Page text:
We know that the USSC heard from a record number of people regarding crack cocaine sentencing retroactivity. According to the Connecticut Post online in a December 2, 2007 article entitled Drug laws called unfair to minorities, "More than 33,000 letters of comment were sent to the Commission on the retroactive proposal." Most letters encouraged retroactivity.

Trillions of dollars are there to be reinvested in social rehabilitation programs instead of imprisonment. So we'll stand with people who live in economically hard-pressed communities who demand money be invested where they live, not in far away prisons. The time for those demands is now.

In Struggle,

September 15, 2007

United States Sentencing Commission
One Columbus Circle, NE
Washington, DC 20002-8002
Attention: Public Affairs - Retroactivity Public Comment

Dear Honorable Commissioners:

Today, millions of citizens know that sentencing reform using guideline sentencing is in its third decade of development.

There are more critics today than ever before, and dissent is rising. The Commission's work through the years acknowledging the adverse impacts of the sentencing disparity of the 100-to-1 crack cocaine ratio has not gone unnoticed. This letter is to urge the distinguished Commission's support of retroactive sentencing relief.

The absence of data the Commission needs to substantiate and make further recommendations - almost 30 years into the process of injecting transparency, consistency, and fairness into the sentencing process - is not the Commission's fault. It is, though, the Commission's responsibility to recommend rectification, and we know that burden brings great weight to the shoulders of the Commissioners.

This is especially so today as federal incarceration rates continue to soar in record numbers, and over-crowding of federal correctional institutions remains a continuing barrier to public safety. This letter is to demonstrate that there is public support for retroactive sentencing relief.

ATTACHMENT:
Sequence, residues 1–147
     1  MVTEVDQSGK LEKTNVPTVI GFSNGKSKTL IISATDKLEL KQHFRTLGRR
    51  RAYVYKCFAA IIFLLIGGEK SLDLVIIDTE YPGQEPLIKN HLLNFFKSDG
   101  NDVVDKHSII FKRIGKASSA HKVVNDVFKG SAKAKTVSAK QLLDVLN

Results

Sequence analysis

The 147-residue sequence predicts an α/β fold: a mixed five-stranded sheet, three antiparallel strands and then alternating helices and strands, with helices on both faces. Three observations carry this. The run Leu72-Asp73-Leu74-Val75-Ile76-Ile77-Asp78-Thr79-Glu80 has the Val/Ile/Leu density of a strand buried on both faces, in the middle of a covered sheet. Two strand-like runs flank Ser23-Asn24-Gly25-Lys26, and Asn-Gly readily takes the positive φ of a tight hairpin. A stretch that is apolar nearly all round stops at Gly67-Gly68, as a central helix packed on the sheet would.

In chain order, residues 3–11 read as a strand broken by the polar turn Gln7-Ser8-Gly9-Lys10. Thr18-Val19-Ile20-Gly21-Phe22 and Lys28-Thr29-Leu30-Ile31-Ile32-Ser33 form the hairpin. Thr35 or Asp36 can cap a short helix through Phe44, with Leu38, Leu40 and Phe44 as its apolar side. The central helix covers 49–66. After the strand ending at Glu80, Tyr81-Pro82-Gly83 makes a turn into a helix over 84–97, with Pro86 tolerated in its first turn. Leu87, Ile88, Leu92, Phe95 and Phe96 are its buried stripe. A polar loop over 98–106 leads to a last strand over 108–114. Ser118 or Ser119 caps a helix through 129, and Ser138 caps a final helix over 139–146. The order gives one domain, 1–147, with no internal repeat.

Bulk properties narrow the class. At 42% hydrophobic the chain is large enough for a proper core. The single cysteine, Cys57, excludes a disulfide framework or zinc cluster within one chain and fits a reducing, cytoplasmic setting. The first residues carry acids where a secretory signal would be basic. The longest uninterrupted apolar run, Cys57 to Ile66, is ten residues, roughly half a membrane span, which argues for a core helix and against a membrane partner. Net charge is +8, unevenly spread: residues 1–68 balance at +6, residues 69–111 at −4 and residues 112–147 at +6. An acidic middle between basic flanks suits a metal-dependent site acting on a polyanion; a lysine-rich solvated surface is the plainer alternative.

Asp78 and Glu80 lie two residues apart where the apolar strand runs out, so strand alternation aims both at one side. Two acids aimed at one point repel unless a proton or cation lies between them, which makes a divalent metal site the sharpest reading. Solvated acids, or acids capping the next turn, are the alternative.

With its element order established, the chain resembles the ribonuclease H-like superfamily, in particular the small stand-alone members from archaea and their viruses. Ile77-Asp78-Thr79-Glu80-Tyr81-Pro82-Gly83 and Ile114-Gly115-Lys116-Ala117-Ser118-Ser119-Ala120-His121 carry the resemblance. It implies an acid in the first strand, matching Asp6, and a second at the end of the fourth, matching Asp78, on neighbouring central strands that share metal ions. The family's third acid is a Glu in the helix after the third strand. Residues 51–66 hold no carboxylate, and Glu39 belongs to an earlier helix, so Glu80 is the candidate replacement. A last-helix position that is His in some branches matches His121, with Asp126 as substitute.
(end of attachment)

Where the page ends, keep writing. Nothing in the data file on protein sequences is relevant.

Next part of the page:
Retroactivity might restore some citizen faith that a new system of sentencing is not so rigid that it can't serve society.

Without a period of sensible, fair and equal adjustments, new ground will be laid for another period "ripe for reform," requiring sudden drastic measures, and allowing for another three decades of scant data collection and failure to promulgate procedure.

Without retroactive sentencing relief (not to be confused with re-sentencing), cherished legal principles will be set aside, mostly because of political reasoning. The goals aforementioned will be out of reach-furthering the public's perception that crack cocaine sentencing disparities are racially motivated, not lessening that perception.

The Commission's own conclusions within the 2004 15-year Guidelines Assessment reveal that without data, public perception becomes the basis of fact. This fact also lends new legitimacy to the power of the Commission to convince Congress to enact an orderly system of retroactive sentencing relief. The goals of the Commission to reduce unwarranted disparity, increase rationality and transparency of punishment, and make punishment proportional cannot be accomplished without retroactive sentencing relief. Showing a lack of progress at improving these important components toward a more just system of sentencing will only breed more despair and disrespect for law.

Without retroactive sentencing relief, justice remains disparate. Thank you.


Nora Callahan, November Coalition